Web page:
Streaking Horvath packing a punch for North Carolina

Former Rochester Century baseball standout Mac Horvath is in his second season playing for baseball power University of North Carolina. Horvath has been on a recent hitting tear.

Mac Horvath
Former Century star Mac Horvath has been on a recent tear with his University of North Carolina baseball team, with seven home runs in his last 11 games.
Contributed / Anthony Sorbellini, University of North Carolina
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Mac Horvath is in his second season at the University of North Carolina where he plays baseball. The former Rochester Century star, who spent his senior year of high school at IMG Academy in Florida, has started every game this season at third base for the Tar Heels. The 6-foot-1, 195-pound Horvath is batting .259 with 11 doubles, 15 home runs and 44 RBIs. Horvath has been blistering recently with seven home runs in his last 11 games.

North Carolina, which plays in the vaunted ACC, is 12-15 in the conference and 31-19 overall as of Thursday. Horvath was a part-time starter last year when he batted .227, with five home runs and 22 RBIs.

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POST BULLETIN: You’ve been on a home-run tear the last few weeks, explain how that’s happened.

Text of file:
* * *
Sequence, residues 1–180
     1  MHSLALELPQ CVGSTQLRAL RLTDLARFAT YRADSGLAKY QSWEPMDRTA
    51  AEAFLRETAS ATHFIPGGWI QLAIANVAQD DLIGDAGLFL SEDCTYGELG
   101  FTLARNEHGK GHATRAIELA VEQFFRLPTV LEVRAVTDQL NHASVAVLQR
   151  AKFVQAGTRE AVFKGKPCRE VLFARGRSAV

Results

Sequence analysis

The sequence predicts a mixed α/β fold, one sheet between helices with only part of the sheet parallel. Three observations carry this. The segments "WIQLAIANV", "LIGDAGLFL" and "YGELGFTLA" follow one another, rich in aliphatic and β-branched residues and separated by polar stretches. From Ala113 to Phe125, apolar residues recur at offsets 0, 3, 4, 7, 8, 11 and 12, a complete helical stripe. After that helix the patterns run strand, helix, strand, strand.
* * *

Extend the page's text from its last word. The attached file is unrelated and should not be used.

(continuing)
HORVATH: Early in the season, I felt like I was seeing the ball well and drawing walks, but I wasn’t getting good swings on good pitches. But I looked at some videos of myself and saw that my hands were lower than normal. I went to our hitting coach, and he agreed. Now, I’ve got my hands moved back up and I’ve closed off my stance a little bit more. Those two things have allowed me to get into a better position to fire from. There has been a good payoff from that. It always feels good to square up a baseball, hit some home runs, drive in some runs, and your team win games.

PB: What part of your game has pleased you most this season?


HORVATH: I think I’ve been playing pretty good defense this year and I’ve been on the base paths, stealing a lot more. I’ve kind of worked my way up with the steals, getting the green light once I showed I was capable of stealing. I’m pretty much always given (the green light) now.

PB: What part of your game are you still looking to completely click before this season is out?

HORVATH: Hitting-wise, I’m just trying to continue what I’ve been doing lately and to stay as consistent as I can through the remainder of the season and have that fall into next season. I just want to be consistent in everything that I do.

Mac Horvath
Mac Horvath

PB: You have one grand slam this season. What is on your mind when you come up to the plate with the bases loaded?

HORVATH: There is a little bit of a different feeling when the bases are loaded. But I like it. I always feel confident when I’m at the plate. But when the bases are loaded there is even more confidence that I’m going to really barrel up the ball. That’s what you want, to be a guy in that spot. When it happens, you’re ready, you’ve been waiting for it.

PB: Last year you played in 46 of your team’s 55 games. How much of a learning experience was that first year?

HORVATH: It was a good learning experience. That first year of college baseball is a lot different than high school ball. The game is a lot faster and you’ve got to be able to adapt to it. The pitching iis better, the fielding is better. But getting that experience under your belt that you can compete at this level, it makes you a lot more comfortable.